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Lawyers Must Now Gown for In-Person Appearances – Are we heading back to normal?

Written by Russell Alexander / (905) 655-6335

Lawyers Must now Gown for In-Person Appearances – Are we heading back to normal?

Everyday it appears as if the pandemic is beginning to fade. The number of vaccines we have administered in Canada is rising and restrictions are easing. However, we have yet to see any real steps taken to go back to normal with respect to the Canadian courts… until today.

A Notice to the Profession and Public Regarding Court proceedings was recently revised today stating the following:

For in-person proceedings, counsel must gown in accordance with paragraphs 59-61 of the Consolidated Provincial Practice Direction. Gowns are not required in virtual proceedings. Where gowning is required, counsel must gown regardless of whether the presiding judicial official is a judge or a master.

In Ontario Superior Court hearings, lawyers have a very specific dress code. This is an important legal tradition that we have imported from our British heritage. However, we do not adopt the British legal tradition of requiring wigs or headpieces.  For certain hearings, the Ontario Superior Court of Justice requires lawyers to wear gray or black striped pants or skirts, black waistcoats and knee length robes, white shirts with winged collars and tabs (usually with cufflinks).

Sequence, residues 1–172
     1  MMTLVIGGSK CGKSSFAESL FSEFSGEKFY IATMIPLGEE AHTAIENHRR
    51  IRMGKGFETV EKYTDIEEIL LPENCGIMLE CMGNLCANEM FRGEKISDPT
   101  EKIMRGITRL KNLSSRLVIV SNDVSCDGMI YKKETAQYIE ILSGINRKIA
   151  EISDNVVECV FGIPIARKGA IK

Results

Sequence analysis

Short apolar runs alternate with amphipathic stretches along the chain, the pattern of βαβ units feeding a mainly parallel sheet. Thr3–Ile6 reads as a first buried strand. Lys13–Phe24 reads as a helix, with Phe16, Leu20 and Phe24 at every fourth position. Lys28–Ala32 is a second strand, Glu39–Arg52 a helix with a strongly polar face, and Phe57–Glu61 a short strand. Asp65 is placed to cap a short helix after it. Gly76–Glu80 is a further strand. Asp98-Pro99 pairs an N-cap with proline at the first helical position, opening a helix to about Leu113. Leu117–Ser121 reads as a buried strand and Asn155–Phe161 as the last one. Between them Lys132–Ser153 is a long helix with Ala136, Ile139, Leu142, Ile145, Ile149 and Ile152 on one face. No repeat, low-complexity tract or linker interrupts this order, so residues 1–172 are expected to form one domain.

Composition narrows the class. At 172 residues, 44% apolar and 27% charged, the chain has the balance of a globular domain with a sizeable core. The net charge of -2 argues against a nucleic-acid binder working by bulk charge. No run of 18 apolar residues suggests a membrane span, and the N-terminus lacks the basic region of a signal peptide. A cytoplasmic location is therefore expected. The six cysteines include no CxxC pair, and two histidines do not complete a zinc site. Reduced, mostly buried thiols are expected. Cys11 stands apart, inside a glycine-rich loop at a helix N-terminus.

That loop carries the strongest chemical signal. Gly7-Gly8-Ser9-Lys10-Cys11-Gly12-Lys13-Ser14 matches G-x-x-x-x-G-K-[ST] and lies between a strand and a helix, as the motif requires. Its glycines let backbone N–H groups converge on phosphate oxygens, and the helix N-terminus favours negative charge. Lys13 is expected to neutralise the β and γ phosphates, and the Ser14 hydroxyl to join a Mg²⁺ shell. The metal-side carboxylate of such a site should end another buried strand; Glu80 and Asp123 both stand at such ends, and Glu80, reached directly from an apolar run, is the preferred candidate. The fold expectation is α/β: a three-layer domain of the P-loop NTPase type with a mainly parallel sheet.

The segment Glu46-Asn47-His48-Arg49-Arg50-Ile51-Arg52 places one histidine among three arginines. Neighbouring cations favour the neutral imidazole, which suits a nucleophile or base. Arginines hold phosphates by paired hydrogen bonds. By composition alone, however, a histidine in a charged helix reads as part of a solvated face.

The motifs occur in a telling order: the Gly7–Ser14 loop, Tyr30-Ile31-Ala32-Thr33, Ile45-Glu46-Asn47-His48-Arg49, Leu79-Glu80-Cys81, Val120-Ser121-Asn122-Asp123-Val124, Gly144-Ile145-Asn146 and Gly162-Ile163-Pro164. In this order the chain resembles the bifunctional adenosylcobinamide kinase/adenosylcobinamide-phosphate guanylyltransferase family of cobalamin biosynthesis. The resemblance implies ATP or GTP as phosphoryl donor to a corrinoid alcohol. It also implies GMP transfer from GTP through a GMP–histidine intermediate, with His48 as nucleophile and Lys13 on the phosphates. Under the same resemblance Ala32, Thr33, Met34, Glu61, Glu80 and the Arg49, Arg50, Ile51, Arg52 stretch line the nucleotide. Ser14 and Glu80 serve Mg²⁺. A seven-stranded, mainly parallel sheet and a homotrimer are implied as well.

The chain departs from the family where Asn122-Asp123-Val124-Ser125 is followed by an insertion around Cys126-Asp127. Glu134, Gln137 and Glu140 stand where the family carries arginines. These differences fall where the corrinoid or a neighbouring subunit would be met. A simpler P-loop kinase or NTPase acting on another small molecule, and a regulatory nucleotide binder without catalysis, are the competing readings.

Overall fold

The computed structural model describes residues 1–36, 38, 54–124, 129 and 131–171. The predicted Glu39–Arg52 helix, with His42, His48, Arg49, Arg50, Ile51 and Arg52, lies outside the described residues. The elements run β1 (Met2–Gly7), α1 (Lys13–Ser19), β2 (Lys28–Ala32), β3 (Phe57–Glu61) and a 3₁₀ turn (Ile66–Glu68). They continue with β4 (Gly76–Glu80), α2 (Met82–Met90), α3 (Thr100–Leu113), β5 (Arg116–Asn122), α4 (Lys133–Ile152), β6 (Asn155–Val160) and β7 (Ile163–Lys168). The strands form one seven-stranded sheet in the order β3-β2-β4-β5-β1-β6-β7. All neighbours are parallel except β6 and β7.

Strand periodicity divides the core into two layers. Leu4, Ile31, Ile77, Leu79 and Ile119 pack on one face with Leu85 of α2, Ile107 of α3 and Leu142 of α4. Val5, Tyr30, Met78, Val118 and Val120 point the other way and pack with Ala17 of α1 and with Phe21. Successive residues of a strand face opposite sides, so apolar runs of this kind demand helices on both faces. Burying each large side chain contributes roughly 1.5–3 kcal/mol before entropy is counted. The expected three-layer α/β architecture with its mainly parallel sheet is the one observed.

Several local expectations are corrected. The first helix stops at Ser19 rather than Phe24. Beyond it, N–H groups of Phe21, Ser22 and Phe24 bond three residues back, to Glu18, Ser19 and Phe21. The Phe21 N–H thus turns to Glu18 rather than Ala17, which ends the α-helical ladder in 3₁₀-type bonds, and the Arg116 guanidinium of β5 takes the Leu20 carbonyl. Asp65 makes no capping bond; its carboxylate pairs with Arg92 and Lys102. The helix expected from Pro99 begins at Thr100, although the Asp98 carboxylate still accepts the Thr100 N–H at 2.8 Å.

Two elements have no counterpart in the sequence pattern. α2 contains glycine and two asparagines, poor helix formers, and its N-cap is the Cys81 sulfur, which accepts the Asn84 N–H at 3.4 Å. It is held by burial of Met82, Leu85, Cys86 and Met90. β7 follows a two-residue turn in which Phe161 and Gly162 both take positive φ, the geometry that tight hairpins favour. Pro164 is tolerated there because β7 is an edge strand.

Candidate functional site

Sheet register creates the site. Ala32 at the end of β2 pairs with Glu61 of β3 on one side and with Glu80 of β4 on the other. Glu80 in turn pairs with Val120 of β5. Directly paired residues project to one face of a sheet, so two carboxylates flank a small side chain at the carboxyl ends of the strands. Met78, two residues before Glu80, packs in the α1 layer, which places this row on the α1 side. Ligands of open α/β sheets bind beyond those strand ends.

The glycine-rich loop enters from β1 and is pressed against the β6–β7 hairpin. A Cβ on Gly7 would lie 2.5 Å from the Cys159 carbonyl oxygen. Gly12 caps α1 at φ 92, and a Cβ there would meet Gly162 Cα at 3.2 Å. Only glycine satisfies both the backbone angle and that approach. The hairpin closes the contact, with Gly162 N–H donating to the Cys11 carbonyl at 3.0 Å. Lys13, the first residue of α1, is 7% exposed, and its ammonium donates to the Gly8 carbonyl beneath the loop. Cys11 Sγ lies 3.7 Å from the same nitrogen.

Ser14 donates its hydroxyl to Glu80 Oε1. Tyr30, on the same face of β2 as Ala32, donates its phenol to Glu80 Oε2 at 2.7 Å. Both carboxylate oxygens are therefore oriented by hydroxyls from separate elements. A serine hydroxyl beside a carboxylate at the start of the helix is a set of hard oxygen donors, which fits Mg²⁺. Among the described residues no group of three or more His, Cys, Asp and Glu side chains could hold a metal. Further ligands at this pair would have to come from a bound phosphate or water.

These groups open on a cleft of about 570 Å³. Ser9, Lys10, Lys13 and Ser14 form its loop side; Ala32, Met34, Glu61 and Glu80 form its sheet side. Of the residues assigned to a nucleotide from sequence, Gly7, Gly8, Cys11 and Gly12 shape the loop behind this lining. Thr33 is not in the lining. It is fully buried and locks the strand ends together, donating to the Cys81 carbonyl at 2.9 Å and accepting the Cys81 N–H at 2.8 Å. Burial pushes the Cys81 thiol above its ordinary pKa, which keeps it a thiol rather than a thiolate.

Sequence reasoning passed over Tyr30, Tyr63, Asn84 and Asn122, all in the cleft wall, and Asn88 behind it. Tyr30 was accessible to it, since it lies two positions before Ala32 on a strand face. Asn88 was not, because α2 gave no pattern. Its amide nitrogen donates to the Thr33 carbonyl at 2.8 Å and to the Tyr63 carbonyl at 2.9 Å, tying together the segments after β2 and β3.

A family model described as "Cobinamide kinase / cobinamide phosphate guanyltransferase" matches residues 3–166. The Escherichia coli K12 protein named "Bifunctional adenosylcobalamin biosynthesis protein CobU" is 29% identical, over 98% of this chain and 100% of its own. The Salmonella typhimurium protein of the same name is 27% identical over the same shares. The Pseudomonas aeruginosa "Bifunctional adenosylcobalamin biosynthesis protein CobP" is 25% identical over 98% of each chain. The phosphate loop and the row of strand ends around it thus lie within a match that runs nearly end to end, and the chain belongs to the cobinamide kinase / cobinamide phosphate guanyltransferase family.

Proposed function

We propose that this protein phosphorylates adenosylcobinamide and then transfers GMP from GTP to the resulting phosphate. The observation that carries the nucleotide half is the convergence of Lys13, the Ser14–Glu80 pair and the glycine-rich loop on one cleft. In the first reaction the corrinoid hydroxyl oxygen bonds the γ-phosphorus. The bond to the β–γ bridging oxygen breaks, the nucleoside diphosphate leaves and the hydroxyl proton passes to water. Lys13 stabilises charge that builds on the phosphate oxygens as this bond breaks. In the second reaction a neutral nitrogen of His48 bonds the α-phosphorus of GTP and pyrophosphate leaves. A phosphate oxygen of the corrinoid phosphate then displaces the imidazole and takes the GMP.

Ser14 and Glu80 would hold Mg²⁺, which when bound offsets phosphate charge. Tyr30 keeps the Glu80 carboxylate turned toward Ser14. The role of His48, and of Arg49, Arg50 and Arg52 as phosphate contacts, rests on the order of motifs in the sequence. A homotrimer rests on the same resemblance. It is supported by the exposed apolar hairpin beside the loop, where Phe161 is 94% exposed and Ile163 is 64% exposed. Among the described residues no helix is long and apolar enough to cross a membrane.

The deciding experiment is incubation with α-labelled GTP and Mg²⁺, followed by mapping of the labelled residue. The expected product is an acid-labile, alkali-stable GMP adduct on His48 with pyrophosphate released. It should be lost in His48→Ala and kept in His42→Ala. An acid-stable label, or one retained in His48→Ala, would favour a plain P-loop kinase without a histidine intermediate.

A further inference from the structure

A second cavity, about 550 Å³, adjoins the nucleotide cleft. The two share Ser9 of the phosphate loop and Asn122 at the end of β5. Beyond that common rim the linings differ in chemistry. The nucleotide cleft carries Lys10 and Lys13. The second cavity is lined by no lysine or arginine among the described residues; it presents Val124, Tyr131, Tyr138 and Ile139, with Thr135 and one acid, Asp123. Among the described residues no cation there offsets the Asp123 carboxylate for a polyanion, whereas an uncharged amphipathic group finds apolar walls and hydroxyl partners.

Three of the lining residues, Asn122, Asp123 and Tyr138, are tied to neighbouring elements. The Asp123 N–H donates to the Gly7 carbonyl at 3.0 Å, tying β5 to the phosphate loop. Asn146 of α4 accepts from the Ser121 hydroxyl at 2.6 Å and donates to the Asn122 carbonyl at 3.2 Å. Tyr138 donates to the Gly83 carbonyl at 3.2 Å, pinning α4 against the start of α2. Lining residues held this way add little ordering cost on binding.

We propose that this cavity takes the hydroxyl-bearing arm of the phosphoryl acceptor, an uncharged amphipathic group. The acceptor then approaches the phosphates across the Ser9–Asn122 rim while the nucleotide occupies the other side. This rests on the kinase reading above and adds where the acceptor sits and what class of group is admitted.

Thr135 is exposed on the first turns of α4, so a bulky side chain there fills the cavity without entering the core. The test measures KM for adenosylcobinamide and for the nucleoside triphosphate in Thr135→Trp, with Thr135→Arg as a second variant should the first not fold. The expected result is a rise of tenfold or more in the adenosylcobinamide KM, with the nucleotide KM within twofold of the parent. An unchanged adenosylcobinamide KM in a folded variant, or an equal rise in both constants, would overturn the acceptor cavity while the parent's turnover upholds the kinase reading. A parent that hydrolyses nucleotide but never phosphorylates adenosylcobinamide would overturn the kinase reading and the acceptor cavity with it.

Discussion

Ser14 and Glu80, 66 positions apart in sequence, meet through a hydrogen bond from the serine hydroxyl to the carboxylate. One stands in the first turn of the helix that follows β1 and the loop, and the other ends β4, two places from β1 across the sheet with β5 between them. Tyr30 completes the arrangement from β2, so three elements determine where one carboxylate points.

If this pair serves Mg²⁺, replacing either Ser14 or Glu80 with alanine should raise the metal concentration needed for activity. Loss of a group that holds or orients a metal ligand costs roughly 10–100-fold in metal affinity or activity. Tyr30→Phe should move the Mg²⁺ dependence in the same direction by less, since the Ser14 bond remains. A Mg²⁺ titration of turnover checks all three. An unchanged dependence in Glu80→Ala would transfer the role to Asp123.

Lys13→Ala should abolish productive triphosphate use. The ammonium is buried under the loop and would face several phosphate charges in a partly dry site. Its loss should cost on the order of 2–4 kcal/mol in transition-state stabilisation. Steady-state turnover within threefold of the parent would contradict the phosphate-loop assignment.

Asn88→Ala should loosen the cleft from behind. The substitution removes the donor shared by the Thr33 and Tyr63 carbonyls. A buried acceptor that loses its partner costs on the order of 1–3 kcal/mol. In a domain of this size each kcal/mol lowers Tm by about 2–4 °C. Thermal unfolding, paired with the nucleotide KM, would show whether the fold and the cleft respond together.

Some argue that gowning ensures the lawyers appear as equals before the judge and shows that they belong to the profession and it imbues a certain sense of respect and gravitas into court proceedings, promoting formality and maintaining order. I find the process of robing can be a solemn experience. Changing from my suit to gowns reminds me of the importance and formality associated with the administration of Justice.  This formality and decorum, unfortunately, has been lacking during the pandemic with the advent of the Zoom divorce.

Although the Ontario Superior will continue to only hear matters in-person that are sufficiently urgent and necessary, this new Practice Direction shows that we may be heading back into the Courts sooner than previously expected, and in turn, possibly back to normal as well.

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About the author

Russell Alexander

Russell Alexander is the Founder & Senior Partner of Russell Alexander Collaborative Family Lawyers.